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Dennis Ray Knight Jr.

If he is known for anything other than his writings, James Baldwin is best known for his work as a civil rights activist. What is often overlooked is Baldwin’s work toward uniting two under-represented and oppressed groups: African Americans and homosexuals. With his first novel, Go Tell It on the Mountain, Baldwin began a career of speaking about and for homosexuals and their relationship with the institutions of African-American communities. Through its focus on a sensitive, church-going teenager, Go Tell It on the Mountain dramatizes the strain imposed upon homosexual members of African-American communities within the Pentecostal Church through its religious beliefs.

James Baldwin Review
Rape and Marriage in Go Tell It on the Mountain
Porter Nenon

To consider how James Baldwin resisted racialized notions of sexuality in his first novel, Go Tell It on the Mountain, I employ a number of black feminist critics—including Saidiya Hartman, Patricia Williams, Hortense Spillers, and Patricia Hill Collins—to analyze three under-studied minor characters: Deborah, Esther, and Richard. Those three characters are best understood as figures of heterosexual nonconformity who articulate sophisticated and important critiques of rape and marriage in America at the turn of the twentieth century. Baldwin thus wrote subversive theories of race and sexuality into the margins of the novel, making its style inextricable from its politics. Baldwin’s use of marginal voices was a deft and intentional artistic choice that was emancipatory for his characters and that remains enduringly relevant to American sexual politics. In this particularly polarizing transition from the Obama era to the Donald J. Trump presidency, I revisit Baldwin’s ability to subtly translate political ideas across fault lines like race, nationality, and sex.

James Baldwin Review
James Baldwin, the Religious Right, and the Moral Minority
Joseph Vogel

In the 1980s, James Baldwin recognized that a major transformation had occurred in the socio-political functions of religion. His critique adapted accordingly, focusing on the ways in which religion—particularly white evangelical Christianity—had morphed into a movement deeply enmeshed with mass media, conservativepolitics, and late capitalism. Religion in the Reagan era was leveraged, sold, and consumed in ways never before seen, from charismatic televangelists, to Christian-themed amusement parks, to mega-churches. The new movement was often characterized as the “religious right” or the “Moral Majority” and was central to both Reagan’s political coalition as well as the broader culture wars. For Baldwin, this development had wide-ranging ramifications for society and the individual. This article draws on Baldwin’s final major essay, “To Crush the Serpent” (1987), to examine the author’s evolving thoughts on religion, salvation, and transgression in the context of the Reagan era.

James Baldwin Review
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Reading James Baldwin’s Existential Hindsight in Go Tell It on the Mountain
Miller Wilbourn

This essay reads James Baldwin’s first novel, Go Tell It on the Mountain, through the lenses of European existentialism and Black existential thought to arrive at a new understanding of the novel itself as well as essential stages of its development. Archival sources and close reading reveal Baldwin’s historically and existentially informed artistic vision, summed up in the terms hindsight and insight. His thoughtful, uncomfortable engagement with the past leads to a recuperated relationship to the community and constitutes existential hindsight, which informs his inward understanding of himself—his insight. This investigation draws on various works from Baldwin’s fiction, essays, interviews, and correspondence to arrive at a better understanding of the writer’s intellectual and artistic development, focusing especially on the professed objectives behind, and major revisions of, the novel. I conclude the essay through a close reading of the conversion scene that constitutes Part Three of Go Tell It on the Mountain.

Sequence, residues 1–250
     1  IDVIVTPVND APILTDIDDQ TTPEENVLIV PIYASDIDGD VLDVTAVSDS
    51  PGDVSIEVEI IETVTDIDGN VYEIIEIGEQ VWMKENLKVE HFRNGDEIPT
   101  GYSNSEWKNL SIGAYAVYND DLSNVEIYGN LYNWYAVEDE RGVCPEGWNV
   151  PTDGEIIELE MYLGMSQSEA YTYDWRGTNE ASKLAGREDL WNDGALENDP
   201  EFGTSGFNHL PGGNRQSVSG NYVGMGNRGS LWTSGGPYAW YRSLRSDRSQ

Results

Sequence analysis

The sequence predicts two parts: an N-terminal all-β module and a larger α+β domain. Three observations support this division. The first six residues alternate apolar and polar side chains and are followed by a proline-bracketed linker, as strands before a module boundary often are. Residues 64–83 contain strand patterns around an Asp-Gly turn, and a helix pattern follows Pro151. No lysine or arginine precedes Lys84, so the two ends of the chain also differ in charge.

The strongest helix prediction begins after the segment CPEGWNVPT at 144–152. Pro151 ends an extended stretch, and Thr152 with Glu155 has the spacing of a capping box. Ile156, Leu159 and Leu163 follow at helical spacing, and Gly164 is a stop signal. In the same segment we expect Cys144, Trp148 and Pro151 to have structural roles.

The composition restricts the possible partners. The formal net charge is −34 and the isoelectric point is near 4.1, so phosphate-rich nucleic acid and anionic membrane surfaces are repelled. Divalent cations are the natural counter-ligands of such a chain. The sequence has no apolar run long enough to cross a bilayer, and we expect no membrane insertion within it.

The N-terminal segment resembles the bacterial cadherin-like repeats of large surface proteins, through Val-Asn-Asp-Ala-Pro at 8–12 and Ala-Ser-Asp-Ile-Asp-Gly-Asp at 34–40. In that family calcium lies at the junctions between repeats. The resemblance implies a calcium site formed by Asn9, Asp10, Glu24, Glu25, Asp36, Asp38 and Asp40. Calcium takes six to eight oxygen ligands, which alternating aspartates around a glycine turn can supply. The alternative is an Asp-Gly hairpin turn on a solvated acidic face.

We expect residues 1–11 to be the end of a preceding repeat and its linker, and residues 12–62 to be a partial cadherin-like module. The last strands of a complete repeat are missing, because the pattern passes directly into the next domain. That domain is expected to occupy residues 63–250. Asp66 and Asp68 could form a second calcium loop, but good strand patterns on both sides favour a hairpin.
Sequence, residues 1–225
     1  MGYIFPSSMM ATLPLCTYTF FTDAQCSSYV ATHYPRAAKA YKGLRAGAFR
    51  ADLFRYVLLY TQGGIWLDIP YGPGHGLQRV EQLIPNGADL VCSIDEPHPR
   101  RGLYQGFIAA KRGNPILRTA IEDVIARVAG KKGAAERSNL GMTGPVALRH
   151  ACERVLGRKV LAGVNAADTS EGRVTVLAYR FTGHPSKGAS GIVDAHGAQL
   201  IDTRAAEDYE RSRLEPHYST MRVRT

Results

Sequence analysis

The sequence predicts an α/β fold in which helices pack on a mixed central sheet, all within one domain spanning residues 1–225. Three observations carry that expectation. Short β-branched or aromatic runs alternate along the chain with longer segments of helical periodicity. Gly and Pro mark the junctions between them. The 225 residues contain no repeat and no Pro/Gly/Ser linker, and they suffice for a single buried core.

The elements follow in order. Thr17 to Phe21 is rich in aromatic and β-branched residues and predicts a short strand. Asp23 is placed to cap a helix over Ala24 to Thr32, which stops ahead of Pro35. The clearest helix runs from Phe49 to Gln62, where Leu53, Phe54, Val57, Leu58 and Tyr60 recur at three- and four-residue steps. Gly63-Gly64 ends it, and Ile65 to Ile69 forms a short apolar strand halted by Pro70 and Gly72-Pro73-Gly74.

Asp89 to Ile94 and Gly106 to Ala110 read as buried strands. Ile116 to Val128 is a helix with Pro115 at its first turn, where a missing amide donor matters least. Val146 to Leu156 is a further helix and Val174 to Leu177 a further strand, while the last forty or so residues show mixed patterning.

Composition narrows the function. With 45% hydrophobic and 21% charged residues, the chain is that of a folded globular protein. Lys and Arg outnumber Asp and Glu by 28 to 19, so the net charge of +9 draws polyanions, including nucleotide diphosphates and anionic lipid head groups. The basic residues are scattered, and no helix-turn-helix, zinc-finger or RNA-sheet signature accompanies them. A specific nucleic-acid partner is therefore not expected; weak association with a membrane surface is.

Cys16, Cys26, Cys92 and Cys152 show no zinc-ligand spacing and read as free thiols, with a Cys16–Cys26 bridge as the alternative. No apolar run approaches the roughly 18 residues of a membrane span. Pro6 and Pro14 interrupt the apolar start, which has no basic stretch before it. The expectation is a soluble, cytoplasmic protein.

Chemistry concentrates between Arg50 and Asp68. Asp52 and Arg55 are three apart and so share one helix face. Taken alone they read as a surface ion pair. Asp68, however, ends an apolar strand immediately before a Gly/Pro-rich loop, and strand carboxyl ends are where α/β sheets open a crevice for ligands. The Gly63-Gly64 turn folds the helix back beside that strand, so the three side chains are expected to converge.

James Baldwin Review
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James Baldwin, William F. Buckley, Jr., and the Civil Rights Revolution
 Linfield University

Born in New York City only fifteen months apart, the Harlem-raised James Baldwin and the privileged William F. Buckley, Jr. could not have been more different, but they both rose to the height of American intellectual life during the civil rights movement. By the time they met in February 1965 to debate race and the American Dream at the Cambridge Union, Buckley—a founding father of the American conservative movement—was determined to sound the alarm about a man he considered an “eloquent menace.” For his part, Baldwin viewed Buckley as a deluded reactionary whose popularity revealed the sickness of the American soul. The stage was set for an epic confrontation that pitted Baldwin’s call for a moral revolution in race relations against Buckley’s unabashed elitism and implicit commitment to white supremacy. In this article I introduce readers to the story at the heart of my new book about Baldwin and Buckley, The Fire Is Upon Us.

James Baldwin Review
James Baldwin in Conversation with Fritz J. Raddatz (1978)
Gianna Zocco

This is the first English-language publication of an interview with James Baldwin conducted by the German writer, editor, and journalist Fritz J. Raddatz in 1978 at Baldwin’s house in St. Paul-de-Vence. In the same year, it was published in German in the weekly newspaper Die Zeit, as well as in a book of Raddatz’s conversations with international writers, and—in Italian translation—in the newspaper La Repubblica. The interview covers various topics characteristic of Baldwin’s interests at the time—among them his thoughts about Jimmy Carter’s presidency, his reasons for planning to return to the United States, his disillusionment after the series of murders of black civil rights activists in the 1960s and 1970s, and the role of love and sexuality in his literary writings. A special emphasis lies on the discussion of possible parallels between Nazi Germany and U.S. racism, with Baldwin most prominently likening the whole city of New York to a concentration camp. Due to copyright reasons, this reprint is based on an English translation of the edited version published in German. A one-hour tape recording of the original English conversation between Raddatz and Baldwin is accessible at the German literary archive in Marbach.